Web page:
South Korean protesters burn a Japanese military flag
Newspapers in both South Korea and Japan have traded sharp accusations over Tokyo's plan to send survey ships into waters around a group of disputed islands called Dokdo in South Korea and Takeshima in Japan.
Editorials in both countries accuse the other side of provocation but also call for the row to be settled peacefully.
Describing the situation as "very serious", The Korea Herald says that current relations between South Korea and Japan are much more tense than in the past.
Japan's move, it says, is evidence of an "apparent shift to rightist nationalism and expansionism", which has implications for the security of the region.
"The naive Japanese public is mesmerised by the populist policy lines of the rightist government" of Prime Minister Junichiro Koizumi, it adds.
"The developments in Japan should sound an alarm bell not only in Korea but the whole of Asia."
Hangyore Shinmun agrees, describing Japan's plan as a "provocation" and part of "the general rightward turn" in Japanese politics.
"If, as the Japanese government claims, the purpose of the survey is to determine names for areas under the sea, then it should give priority to a diplomatic agreement and there should be no reason to go to unreasonable lengths with the current survey."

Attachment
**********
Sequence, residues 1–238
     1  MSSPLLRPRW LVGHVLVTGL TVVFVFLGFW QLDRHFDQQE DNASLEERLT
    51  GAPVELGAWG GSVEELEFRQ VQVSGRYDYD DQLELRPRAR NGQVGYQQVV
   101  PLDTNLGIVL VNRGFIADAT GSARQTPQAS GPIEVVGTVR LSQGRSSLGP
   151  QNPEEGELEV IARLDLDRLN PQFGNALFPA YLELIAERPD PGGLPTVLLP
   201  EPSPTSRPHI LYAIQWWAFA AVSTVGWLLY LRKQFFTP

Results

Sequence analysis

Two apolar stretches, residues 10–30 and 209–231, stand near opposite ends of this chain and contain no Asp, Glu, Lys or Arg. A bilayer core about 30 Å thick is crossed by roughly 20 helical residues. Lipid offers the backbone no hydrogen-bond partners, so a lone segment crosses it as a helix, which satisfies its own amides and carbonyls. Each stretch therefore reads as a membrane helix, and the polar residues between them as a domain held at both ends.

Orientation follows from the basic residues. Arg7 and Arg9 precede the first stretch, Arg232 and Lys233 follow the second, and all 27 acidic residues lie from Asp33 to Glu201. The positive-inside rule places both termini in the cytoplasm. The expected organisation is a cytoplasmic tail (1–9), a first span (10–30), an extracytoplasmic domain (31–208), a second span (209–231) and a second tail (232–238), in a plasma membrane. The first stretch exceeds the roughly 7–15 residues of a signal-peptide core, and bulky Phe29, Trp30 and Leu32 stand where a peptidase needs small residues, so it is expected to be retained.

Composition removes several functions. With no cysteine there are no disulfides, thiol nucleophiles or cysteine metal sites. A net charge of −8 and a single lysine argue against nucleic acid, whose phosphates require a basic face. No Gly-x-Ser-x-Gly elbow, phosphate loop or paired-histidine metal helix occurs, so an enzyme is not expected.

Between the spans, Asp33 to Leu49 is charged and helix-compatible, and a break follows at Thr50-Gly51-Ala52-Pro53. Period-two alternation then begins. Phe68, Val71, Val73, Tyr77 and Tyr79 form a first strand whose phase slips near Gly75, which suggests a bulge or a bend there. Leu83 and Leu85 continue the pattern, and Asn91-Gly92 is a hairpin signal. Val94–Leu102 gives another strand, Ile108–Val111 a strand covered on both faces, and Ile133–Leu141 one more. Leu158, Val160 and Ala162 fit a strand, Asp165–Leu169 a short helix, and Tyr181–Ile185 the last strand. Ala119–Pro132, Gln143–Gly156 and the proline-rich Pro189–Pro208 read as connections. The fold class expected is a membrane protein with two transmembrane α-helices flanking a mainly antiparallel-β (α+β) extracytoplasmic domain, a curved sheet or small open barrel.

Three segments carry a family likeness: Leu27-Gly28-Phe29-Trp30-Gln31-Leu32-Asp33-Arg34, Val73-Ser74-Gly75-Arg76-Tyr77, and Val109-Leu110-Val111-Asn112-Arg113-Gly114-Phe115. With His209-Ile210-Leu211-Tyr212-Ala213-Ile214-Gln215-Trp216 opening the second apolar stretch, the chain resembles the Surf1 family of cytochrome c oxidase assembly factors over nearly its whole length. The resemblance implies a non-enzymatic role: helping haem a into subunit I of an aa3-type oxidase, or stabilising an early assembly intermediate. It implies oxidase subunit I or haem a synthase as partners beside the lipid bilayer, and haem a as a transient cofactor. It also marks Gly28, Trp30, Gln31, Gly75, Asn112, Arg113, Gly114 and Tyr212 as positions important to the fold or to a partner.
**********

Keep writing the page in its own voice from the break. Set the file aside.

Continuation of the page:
Chosun Ilbo accuses Tokyo of "unilateral thinking" and believes it is trying to escalate the dispute and bring it before the International Tribunal for the Law of the Sea which, it thinks, is likely to rule in Japan's favour.
It also criticises the South Korean government for not having anticipated such a move.
View from Tokyo
Japanese papers, by contrast, suggest that South Korea is making a fuss over the issue but call for it to be resolved through discussions.
Sankei Shimbun accuses South Korea of being "provocative" and adopting a nationalist stance, while Tokyo Shimbun warns that the row is inciting anti-Korean feeling in Japan.
The leading business daily, Nihon Keizai Shimbun, says the two countries need to "unite their wisdom" and find a diplomatic solution to avoid a possible collision at sea.
Despite "harsh backlashes" from South Korea, there are signs that Seoul wants to settle the issue through diplomatic channels, it says.
The paper believes that South Korea's stance is "a performance aimed at the domestic audience".
Asahi Shimbun thinks it would be a mistake to link the South Korean government's position with the need to win support in the run up to next month's elections.
The islands, the paper suggests, have been "deep rooted" in the minds of Koreans since Japan's former colonisation of the Korean peninsula.
Although it thinks Seoul's reaction represents a "misunderstanding" of Japan's intentions, the paper also accuses Tokyo of having failed to explain why it needs to carry out the survey at this time.
It proposes that the ships survey sea areas where the two countries' exclusive economic zones do not overlap.
BBC Monitoring selects and translates news from radio, television, press, news agencies and the internet from 150 countries in more than 70 languages. It is based in Caversham, UK, and has several bureaux abroad.